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Functional dynamics of Orc1b protein: a ChIP-seq analysis

Grant number: 19/04483-2
Support type:Scholarships abroad - Research Internship - Doctorate
Effective date (Start): May 20, 2019
Effective date (End): July 27, 2019
Field of knowledge:Biological Sciences - Parasitology
Principal researcher:Maria Carolina Quartim Barbosa Elias Sabbaga
Grantee:Marcela de Oliveira Vitarelli
Supervisor abroad: Nicolai Siegel
Home Institution: Instituto Butantan. Secretaria da Saúde (São Paulo - Estado). São Paulo , SP, Brazil
Research place: Ludwig Maximilian University of Munich (LMU Munich), Germany  
Associated to the scholarship:17/07693-2 - Functional dynamics of Orc1b protein during the life cycle of Trypanosoma, BP.DR

Abstract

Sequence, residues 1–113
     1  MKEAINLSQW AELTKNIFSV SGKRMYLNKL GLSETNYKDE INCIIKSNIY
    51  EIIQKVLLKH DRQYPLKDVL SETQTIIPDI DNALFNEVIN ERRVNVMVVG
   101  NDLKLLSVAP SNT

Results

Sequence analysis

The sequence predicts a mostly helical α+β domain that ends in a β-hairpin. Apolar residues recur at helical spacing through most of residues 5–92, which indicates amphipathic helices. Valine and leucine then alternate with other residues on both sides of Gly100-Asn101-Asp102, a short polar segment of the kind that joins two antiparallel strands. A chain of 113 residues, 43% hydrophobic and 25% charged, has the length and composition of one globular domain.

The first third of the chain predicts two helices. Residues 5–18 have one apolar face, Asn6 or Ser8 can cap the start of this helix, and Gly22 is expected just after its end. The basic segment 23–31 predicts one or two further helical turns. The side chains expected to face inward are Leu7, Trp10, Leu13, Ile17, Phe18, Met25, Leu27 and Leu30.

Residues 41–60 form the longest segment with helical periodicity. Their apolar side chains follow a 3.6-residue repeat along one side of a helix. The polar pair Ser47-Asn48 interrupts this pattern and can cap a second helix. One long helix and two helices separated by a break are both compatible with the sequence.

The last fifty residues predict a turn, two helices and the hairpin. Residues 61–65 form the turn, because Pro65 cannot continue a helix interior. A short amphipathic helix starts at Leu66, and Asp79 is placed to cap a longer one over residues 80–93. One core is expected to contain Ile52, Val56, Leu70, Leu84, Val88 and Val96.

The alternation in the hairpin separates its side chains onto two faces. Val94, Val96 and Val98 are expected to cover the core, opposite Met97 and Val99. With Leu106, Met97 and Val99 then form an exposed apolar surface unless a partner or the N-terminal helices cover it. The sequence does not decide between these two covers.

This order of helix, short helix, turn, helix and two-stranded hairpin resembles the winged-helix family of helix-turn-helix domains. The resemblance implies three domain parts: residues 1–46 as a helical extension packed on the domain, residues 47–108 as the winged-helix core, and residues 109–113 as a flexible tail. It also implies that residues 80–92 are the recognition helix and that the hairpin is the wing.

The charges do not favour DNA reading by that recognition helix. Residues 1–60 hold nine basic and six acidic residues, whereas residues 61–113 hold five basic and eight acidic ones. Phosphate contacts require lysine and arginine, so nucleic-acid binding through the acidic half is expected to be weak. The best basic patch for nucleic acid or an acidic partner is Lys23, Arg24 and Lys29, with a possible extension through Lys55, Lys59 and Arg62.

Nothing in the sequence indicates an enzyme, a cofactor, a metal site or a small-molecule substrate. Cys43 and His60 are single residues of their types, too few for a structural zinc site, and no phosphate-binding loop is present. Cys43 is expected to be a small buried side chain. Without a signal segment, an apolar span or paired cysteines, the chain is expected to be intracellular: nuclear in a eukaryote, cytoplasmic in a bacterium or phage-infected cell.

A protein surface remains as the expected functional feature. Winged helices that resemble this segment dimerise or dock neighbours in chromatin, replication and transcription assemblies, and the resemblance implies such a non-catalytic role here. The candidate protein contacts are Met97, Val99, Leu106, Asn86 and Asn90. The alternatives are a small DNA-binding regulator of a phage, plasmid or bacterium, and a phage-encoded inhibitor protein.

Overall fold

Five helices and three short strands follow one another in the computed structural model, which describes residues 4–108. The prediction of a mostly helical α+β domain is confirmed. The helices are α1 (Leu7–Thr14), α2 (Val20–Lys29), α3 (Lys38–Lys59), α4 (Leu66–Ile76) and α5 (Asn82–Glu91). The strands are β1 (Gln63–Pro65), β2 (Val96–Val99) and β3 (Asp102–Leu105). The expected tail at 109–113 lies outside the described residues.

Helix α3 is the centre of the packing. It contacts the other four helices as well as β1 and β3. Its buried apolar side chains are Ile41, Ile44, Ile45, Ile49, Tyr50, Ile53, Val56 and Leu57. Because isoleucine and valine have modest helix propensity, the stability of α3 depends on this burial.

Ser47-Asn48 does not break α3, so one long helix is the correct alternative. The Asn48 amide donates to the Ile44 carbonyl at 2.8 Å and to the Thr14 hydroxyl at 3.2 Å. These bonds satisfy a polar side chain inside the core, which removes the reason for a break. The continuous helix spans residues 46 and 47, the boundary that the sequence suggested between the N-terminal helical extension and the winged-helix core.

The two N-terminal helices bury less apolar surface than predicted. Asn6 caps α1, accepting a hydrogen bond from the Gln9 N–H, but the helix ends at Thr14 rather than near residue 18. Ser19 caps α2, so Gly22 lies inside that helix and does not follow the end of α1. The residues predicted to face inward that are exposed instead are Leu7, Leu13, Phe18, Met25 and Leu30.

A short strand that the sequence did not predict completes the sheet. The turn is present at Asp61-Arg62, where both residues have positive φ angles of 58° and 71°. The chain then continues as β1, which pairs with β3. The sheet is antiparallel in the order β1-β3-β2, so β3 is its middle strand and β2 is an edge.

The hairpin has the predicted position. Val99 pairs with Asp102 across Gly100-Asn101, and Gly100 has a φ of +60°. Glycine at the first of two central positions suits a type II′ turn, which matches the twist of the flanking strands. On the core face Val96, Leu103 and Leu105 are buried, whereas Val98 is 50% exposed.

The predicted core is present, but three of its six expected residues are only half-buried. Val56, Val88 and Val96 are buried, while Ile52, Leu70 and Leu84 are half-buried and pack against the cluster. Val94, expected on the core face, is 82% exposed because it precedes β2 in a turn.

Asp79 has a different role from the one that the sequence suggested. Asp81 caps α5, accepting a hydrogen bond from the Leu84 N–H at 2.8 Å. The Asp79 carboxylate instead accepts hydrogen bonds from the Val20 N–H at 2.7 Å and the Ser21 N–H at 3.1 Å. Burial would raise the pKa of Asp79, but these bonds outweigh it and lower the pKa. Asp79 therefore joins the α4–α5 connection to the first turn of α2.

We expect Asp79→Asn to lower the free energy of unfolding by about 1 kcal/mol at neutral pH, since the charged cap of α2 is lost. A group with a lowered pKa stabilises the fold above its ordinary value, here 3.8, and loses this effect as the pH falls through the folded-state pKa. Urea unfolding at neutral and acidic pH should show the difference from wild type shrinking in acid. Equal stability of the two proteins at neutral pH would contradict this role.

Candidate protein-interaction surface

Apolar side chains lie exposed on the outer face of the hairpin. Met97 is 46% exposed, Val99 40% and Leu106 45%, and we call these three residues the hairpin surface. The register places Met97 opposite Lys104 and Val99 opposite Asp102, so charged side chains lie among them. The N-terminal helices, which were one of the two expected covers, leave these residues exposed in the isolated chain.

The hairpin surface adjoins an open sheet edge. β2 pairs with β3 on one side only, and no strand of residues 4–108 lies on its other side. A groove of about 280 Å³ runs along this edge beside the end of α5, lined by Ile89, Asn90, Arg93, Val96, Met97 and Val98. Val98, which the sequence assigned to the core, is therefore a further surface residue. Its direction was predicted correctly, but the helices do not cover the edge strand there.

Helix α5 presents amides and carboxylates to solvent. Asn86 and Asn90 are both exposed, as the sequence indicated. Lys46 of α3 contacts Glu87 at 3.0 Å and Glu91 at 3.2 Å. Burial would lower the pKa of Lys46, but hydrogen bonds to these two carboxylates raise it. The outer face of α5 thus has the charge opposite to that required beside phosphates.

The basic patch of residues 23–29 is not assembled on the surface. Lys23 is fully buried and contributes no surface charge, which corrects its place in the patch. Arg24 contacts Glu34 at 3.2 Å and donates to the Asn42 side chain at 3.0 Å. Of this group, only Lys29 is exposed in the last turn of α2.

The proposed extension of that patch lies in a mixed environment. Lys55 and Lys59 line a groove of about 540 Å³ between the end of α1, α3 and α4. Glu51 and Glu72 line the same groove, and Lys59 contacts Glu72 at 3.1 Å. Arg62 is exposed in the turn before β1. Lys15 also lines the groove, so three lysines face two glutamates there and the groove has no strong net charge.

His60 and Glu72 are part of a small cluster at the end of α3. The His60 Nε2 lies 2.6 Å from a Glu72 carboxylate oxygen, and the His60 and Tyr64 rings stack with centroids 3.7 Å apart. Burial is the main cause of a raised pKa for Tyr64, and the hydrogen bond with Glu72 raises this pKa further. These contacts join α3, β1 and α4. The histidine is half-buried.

Trypanosoma cruzi is a protozoan which belongs to the Trypanosomatidae family and it is the etiological agent of Chagas disease, a neglected disease that affects millions of people worldwide. This parasite alternates between replicative (epi and amastigotes) and non-replicative (trypomastigotes) forms in its hosts. Therefore, it needs intense control of DNA replication, which involves coordinated action of several proteins. DNA replication starts with the assembly of the pre-replication complex (pre-RC) component ORC onto replication origins, located near the nucleosomes. Followed by the recruitment of other proteins from pre-RC, including Orc1b, whose function is not yet clear. Preliminary data of Marques, et al. (2016) indicates Orc1b participation as a positive regulator in the replication instead of having only a structural role in the ORC complex and preliminary data from our group suggest the binding of Orc1b with the DNA. Thus, we aim to deepen the studies of the Orc1b role in the DNA replication of T. cruzi and its possible interactors. More specifically, this project aims to determine the DNA sequence bound by TcOrc1b by ChIP-seq in order to evaluate the role of this protein in the pre-RC, to be carried out at The Siegel lab in the Biomedical Center Munich (BMC), at the Ludwig-Maximilians-Universität, Munich, Germany. This knowledge will support the development of future antiparasitic strategies and it will also be useful to further understand the biology of these parasites.

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